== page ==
Call The Doctor


Chainsaw, 1996

REVIEW BY: Sean McCarthy


If PJ Harvey, Tori Amos, Bjork and Liz Phair were the trailblazers of the early 90s, Sleater-Kinney proved more than ready to pick up any slack for the remaining half of that decade with their 1996 sophomore release Call The Doctor. True to its punk roots, the album clocks in at just over a half hour and while the sound may be unpolished, Corin Tucker’s and Carrie Brownstein’s duo guitar attack strike a balance between sheer aggression and catchy-as-hell riffs. my_heart_sings_the_harmony_web_ad_alt_250

Along with the duo guitar assault, the other “typical” staple of Sleater-Kinney’s sound is the band’s ability to place a line at the end of their songs that will linger in your ears. The characters in “Stay Where You Are” are slogging through a co-dependent relationship; Tucker’s final plea packs an emotional punch when she sings “You can’t find me / You’re in the dark / I’m right here / stay where you are.” In “Taking My Home,” Tucker lashes out at a suitor who is trying to buy a woman’s love (or at least a lay) with a typical defiant response (“Not for sale”), but saves the final, brutally honest zinger for the end: “I got mixed up with somebody else.”

For casual Sleater-Kinney fans, Call the Doctor is probably best known for one of the only punk anthems of the 90s: “I Wanna Be Your Joey Ramone.” Putting modesty aside, Tucker and Brownstein’s tag-team vocals declare “I’m the queen of rock and roll.” In addition to name dropping Joey, the second refrain belongs to Thurston Moore as Tucker wails “I wanna be your Thurston Moore / wrestle on the bedroom floor.”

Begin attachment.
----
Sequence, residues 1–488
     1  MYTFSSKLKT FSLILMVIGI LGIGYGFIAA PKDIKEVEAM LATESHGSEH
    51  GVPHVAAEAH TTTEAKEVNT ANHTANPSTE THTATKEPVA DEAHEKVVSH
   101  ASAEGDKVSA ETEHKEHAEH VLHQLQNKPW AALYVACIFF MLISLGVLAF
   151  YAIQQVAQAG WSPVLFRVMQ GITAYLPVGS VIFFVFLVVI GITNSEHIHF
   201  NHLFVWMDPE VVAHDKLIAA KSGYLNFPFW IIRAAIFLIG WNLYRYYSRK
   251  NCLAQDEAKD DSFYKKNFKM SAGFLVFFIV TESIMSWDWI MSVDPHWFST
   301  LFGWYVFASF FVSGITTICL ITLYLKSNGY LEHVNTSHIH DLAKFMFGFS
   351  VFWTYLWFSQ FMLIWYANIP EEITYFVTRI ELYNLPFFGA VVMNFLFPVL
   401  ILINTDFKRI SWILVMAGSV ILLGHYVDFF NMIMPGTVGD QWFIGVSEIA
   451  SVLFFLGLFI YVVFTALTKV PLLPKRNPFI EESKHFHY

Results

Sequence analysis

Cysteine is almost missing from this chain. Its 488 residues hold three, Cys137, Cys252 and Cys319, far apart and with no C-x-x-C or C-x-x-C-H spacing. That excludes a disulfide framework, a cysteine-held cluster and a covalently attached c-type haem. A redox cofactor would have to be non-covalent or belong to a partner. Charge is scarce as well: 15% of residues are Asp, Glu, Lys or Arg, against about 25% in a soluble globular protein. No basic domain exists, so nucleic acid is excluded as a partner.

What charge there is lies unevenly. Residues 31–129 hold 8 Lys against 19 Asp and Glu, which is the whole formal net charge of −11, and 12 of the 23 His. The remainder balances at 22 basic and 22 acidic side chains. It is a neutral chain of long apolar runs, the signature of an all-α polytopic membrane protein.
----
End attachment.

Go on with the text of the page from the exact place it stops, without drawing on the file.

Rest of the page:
Sleater-Kinney was unfairly lumped into the riot-grrrl categorization with their self-titled debut and Call The Doctor. In subsequent interviews, members no doubt got tired of getting questions about “being an all-girl group in such a male dominated field.” With Call The Doctor, Sleater-Kinney made an easy case of letting the music do the talking instead of the countless interviews in rock magazines.

In a year after Call the Doctor was released, Sleater-Kinney would jump from Chainsaw to Kill Rock Stars and record one of the defining records of the decade: Dig Me Out. Musically, it was more varied than Call the Doctor, but it still retained the hurricane intensity of this one.

Any Sleater-Kinney album is a safe investment, but their true potential exploded on Call The Doctor.

Rating: A-

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© 2007 Sean McCarthy and The Daily Vault. All rights reserved. Review or any portion may not be reproduced without written permission. Cover art is the intellectual property of Chainsaw, and is used for informational purposes only.